Bellingham-based A1DesignBuild has been building homes for more than 60 years, and converted to a worker-owned cooperative in 2017. Its all-inclusive operation builds and improves homes, while also promoting environmental stewardship, sustainability and allowing homeowners to age comfortably in their homes. In the midst of the past year’s massive social movement—the largest in U.S. history—the co-op began working to promote the care of its neighbors, as well.
When the reports of George Floyd’s murder made it to the A1DesignBuild’s offices and job sites, it couldn’t be ignored. “We were very distracted by the news—it was very hard to work,” says Maggie Bates, manager of the design department. “We got together as a board and said we’d pay for people to take the day off from work and go to a rally.”
After seeing the larger community pull together, they created an infrastructure within the workplace, as well. “We decided to form a Social Justice Committee to try to understand how we can help, and for that committee to guide the efforts of the board in making decisions about how we can use resources, and support groups in our community,” says Patrick Martin, A1DesignBuild general manager and president of the member board.
“[The committee is] what the membership brought to us and asked us to pursue. We opened it up to all employees and members, and people grabbed at the opportunity,” says architect Mike Feeney. “It incorporates a lot of concepts, especially social, racial, gender and economic inequalities—basically prejudice of any kind.”
The members funded the committee by agreeing that it would be a volunteer operation. “Every member of the committee decided that rather than get paid an hourly wage, which A1DesignBuild was willing to pay, to pool that money in a separate account,” says accountant Adriana Irvin. “We’ll vote on ways we can use that to help the community or buy materials for a project.”
One of the committee’s first priorities is in-house education. The plan appealed to Mark Albert, who once owned his own construction company, then taught high school English. “Speaking as a former educator, the more we know, the more we’re likely to do the right thing. We decided we didn’t know enough to do the right thing—here we are, essentially a bunch of white folks in Bellingham, that want to feel like they’re helping the world. So in-house education just became the obvious thing,” he says. “The intention is to have individuals go to job sites and open a discussion, to give us the opportunity to talk about whatever kind of issues.”
They’re also supporting education outside of the company by putting together an endowment for people of color studying the trades at Bellingham Technical College. “That started out of a Cohen Group podcast at the beginning of the pandemic, with Jenny Rae from Chuckanut Builders, Dave Brogan from Bellingham Bay Builders and myself,” says Maggie Bates. “We got into a discussion about social justice in our community, and [later] an e-mail came from Jenny saying, ‘Let’s follow up on that discussion.’ That started the idea of doing a scholarship over at BTC.”
“The focus is people of color because they didn’t feel, over at Chuckanut, like they connected with that group of people walking through the door,” says Bates. “And we echo that—we don’t have a lot of people of color applying for jobs. So we decided to put all our funds together and do an endowment. It’s called Building Diversity, and this is the first year that scholarship is available.”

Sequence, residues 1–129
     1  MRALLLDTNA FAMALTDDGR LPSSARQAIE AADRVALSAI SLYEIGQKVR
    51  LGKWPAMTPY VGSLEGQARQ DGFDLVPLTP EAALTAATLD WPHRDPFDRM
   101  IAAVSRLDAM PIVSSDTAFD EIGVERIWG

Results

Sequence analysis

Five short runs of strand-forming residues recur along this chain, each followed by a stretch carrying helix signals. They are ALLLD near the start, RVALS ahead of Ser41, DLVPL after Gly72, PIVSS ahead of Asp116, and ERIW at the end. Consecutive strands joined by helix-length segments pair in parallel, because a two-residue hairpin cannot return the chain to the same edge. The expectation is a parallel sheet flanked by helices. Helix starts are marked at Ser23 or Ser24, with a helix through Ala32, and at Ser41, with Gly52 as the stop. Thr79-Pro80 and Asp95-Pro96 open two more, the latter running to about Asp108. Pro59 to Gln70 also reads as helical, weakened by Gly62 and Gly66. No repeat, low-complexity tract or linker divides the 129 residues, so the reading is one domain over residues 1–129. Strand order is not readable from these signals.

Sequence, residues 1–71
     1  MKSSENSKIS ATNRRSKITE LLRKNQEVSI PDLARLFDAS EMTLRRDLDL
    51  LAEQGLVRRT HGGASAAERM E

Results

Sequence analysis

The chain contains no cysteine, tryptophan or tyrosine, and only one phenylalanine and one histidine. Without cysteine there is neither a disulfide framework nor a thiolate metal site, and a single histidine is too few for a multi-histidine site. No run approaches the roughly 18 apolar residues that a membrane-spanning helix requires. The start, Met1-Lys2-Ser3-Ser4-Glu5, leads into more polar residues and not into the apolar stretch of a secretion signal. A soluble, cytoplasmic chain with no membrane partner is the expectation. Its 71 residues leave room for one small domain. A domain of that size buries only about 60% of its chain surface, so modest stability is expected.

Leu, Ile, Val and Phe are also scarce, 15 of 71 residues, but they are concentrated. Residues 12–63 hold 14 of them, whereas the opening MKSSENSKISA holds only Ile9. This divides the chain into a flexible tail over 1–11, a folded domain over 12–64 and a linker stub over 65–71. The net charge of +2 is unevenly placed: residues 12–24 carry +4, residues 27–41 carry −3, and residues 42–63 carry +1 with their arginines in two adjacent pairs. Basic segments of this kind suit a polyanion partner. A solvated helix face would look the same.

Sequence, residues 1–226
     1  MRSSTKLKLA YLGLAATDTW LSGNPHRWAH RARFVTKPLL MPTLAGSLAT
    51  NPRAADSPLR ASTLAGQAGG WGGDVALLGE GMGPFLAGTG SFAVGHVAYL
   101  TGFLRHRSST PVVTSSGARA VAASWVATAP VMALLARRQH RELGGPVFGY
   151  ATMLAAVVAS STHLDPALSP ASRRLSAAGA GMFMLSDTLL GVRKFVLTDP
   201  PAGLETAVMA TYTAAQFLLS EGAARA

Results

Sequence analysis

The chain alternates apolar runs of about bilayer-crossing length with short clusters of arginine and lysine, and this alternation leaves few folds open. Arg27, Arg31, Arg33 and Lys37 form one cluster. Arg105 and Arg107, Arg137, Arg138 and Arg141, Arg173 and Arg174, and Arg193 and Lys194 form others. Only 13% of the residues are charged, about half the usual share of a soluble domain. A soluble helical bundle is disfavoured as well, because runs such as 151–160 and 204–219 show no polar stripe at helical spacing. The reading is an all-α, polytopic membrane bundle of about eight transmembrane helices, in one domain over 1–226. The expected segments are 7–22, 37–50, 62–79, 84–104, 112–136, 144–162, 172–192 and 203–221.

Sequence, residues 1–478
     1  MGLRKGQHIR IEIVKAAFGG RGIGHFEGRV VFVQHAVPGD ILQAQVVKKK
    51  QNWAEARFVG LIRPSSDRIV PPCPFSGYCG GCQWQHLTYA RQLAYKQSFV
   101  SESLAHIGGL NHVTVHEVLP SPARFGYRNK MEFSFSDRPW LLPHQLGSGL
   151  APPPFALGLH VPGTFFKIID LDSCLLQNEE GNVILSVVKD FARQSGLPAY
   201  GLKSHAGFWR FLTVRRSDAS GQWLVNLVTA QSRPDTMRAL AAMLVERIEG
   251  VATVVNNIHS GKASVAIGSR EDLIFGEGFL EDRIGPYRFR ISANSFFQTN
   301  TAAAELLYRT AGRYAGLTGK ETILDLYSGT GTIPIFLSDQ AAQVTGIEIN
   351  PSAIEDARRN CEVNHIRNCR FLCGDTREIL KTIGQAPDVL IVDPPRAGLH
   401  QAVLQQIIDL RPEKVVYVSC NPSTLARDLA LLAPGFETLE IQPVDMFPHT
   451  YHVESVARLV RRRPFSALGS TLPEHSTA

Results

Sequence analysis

Community outreach has also resulted in the chance to help part of the local Latino population. “Early on, the county and city held listening sessions, and there was another one held by the Quakers,” says Mike Feeney. The local non-profit Community To Community was a vocal part of the Quaker sessions, and A1DesignBuild reached out to see if it could help. “They came to one of our committee members with some opportunities to help a cooperative berry farm in Everson, rebuilding a 96-by-30-foot greenhouse structure that had blown down numerous times.”
The A1DesignBuild team was happy to volunteer their time to fortify the structure. “There was an average of 6 to 10 people onsite every weekend from February through April that it didn’t rain—maybe 300 hours altogether,” says Feeney. “We felt we could not just do it for them, but do it with them, and offer them knowledge as a partner. What came out of it was team building with the Latino group there.”
The committee is now thinking about another demographic they’d like to support: the LGBTQ+ community. “One of the conversations happening now is that Pride month is coming up in June. We have people in our families and in our employ and in our community that are part of that group,” says Patrick Martin. “Oftentimes we poke at the edges of these controversial issues, but we feel that the company needs to be much more direct and supportive.”
Other A1DesignBuild community projects locals might recognize are green food pantries that have cropped up around town, where people can give and receive food, and the Tiny Desks for Tiny Humans project, which put over 60 chairs and desks design specifically for little people into kids’ homes so they could better focus on remote learning.
A1DesignBuild has learned that educating its team members and helping its neighbors are two sides of the same coin—and that the rewards are very real. “The thing that’s meaningful about this group is that it gives the members and employees the opportunity to drive the values of the co-op. It’s not just someone like me, who has been here for a long time and has authority because of my position,” says Martin. “The co-op can open up the opportunity for people to participate in a real manner, to affect the direction of the organization they work in.”